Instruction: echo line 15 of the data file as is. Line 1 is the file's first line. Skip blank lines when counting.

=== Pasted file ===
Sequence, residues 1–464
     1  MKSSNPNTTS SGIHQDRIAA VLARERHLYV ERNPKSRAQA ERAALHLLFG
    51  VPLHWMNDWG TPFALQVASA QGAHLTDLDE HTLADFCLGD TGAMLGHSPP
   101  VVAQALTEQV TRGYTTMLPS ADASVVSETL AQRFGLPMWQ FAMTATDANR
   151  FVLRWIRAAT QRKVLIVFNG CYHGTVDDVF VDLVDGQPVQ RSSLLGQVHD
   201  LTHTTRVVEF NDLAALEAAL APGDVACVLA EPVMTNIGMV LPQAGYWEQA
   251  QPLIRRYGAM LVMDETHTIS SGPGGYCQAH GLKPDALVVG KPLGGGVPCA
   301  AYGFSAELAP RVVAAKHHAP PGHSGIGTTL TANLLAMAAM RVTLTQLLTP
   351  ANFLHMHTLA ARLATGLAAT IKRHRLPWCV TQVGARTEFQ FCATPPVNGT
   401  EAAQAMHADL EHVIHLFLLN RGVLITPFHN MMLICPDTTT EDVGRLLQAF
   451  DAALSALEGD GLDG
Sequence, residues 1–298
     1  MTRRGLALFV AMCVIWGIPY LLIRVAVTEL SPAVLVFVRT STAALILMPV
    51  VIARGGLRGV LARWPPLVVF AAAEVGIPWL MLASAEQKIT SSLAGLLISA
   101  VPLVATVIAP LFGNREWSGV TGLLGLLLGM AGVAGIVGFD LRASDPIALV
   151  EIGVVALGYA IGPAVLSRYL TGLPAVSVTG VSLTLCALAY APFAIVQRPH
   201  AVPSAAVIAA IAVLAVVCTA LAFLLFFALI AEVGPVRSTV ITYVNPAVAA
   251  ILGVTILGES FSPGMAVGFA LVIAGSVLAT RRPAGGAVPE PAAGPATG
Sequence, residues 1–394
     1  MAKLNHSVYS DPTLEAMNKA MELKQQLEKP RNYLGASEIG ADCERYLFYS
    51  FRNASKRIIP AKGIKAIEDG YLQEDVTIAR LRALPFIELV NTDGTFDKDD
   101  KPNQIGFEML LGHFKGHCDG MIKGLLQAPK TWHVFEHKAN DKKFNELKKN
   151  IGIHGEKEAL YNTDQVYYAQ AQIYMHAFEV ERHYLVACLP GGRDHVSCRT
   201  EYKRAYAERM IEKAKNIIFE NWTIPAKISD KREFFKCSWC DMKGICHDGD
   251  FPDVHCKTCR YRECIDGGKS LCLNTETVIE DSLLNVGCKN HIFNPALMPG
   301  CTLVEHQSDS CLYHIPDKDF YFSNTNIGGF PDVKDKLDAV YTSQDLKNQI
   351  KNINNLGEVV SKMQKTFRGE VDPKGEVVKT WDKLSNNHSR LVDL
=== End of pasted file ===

   101  VPLVATVIAP LFGNREWSGV TGLLGLLLGM AGVAGIVGFD LRASDPIALV